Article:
Image: Ceres
NASA / JPL-Caltech / UCLA / MPS / DLR / IDA
A picture of Ceres from the Dawn spacecraft craters with central peaks on the surface. The pictures will become clearer as Dawn comes closer over the next month.

 

Excerpt from nbcnews.com

NASA’ Dawn spacecraft is snapping increasingly detailed pictures of the dwarf planet Ceres as it zooms in for next month’ rendezvous, but so far the images have only heightened the mystery surrounding bright spots on the surface. 
The pictures released Thursday show that Ceres — the largest asteroid as well as the closest and smallest known dwarf planet — is pockmarked by craters. The craters are to be expected: The 590-mile-wide (950-kilometer-wide) mini-world has been pummeled for billions of by other objects in the asteroid belt. But the white spots? They’re a real puzzle. 
spot in particular has shown up prominently in pictures from the and from Dawn, which was launched back in 2007 to Ceres and its sister asteroid Vesta. The latest pictures, taken on Wednesday from a distance of about 90,000 miles (145,000 kilometers), appear to show still more bright blips on Ceres. Are they patches of light material or ice at the of craters? Or frost on the top of prominences?
“We are at a phase in the mission where the curtain is slowly being pulled back on the nature of the surface,” UCLA planetary scientist Chris Russell, the principal investigator for the $466 million mission, NBC News in an email. “But the surface is different from that of other planets, and at this stage the increasing resolution presents more mysteries rather than answers them.”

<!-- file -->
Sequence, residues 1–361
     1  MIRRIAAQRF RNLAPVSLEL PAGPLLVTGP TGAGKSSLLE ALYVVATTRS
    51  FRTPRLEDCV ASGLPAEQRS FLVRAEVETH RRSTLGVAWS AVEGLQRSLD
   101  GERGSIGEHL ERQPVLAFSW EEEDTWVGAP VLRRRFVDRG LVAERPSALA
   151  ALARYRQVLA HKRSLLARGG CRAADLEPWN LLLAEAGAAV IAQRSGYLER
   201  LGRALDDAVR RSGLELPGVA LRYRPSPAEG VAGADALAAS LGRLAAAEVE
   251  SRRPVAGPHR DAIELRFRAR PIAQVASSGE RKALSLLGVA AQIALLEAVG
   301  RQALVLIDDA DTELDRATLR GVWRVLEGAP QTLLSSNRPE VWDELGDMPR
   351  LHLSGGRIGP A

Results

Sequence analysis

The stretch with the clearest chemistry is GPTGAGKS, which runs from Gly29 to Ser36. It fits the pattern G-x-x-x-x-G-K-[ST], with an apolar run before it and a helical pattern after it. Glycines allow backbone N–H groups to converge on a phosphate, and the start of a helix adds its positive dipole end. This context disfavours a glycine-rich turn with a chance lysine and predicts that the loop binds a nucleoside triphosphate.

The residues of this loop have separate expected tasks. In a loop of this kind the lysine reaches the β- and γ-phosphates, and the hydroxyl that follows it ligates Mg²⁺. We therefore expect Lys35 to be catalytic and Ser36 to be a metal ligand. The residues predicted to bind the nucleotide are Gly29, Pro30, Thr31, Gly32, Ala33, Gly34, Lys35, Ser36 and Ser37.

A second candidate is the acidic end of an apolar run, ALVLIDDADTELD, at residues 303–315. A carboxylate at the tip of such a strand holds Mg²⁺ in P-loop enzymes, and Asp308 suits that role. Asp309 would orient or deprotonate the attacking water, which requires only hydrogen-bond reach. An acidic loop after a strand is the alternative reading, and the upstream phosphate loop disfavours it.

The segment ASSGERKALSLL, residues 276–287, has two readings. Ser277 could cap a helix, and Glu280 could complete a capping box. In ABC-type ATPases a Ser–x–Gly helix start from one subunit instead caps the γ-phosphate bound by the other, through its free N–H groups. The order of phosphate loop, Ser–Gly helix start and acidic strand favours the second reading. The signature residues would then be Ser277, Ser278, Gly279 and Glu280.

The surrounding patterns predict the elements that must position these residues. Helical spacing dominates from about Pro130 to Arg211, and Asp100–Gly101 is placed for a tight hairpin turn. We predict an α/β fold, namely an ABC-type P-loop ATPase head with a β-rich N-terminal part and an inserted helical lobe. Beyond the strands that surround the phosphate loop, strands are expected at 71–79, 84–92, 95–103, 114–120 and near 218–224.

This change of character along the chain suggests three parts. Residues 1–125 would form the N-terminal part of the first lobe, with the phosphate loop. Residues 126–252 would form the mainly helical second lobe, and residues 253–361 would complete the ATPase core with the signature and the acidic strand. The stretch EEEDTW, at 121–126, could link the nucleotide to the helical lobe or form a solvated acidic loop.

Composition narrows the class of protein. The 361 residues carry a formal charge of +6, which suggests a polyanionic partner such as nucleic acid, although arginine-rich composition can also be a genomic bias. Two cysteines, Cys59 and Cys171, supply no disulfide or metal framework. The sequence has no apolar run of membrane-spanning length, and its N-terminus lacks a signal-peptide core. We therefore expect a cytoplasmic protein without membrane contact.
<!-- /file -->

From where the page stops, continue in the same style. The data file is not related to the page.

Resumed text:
Russell said the team was particularly interested in the big bright spot and the region surrounding it. 
“Naively we expect a bright region to be fresh and a dark region to be old. So the surface of Ceres seems to have a number of circular features of varying freshness on a predominantly dark, presumably old surface,” Russell wrote. “The one type of feature that clearly came into view this time were examples of central peak craters with overall similarity to lunar craters.” 
The mysteries will be cleared up by the time Dawn enters orbit around Ceres in March. OR WILL THEY?

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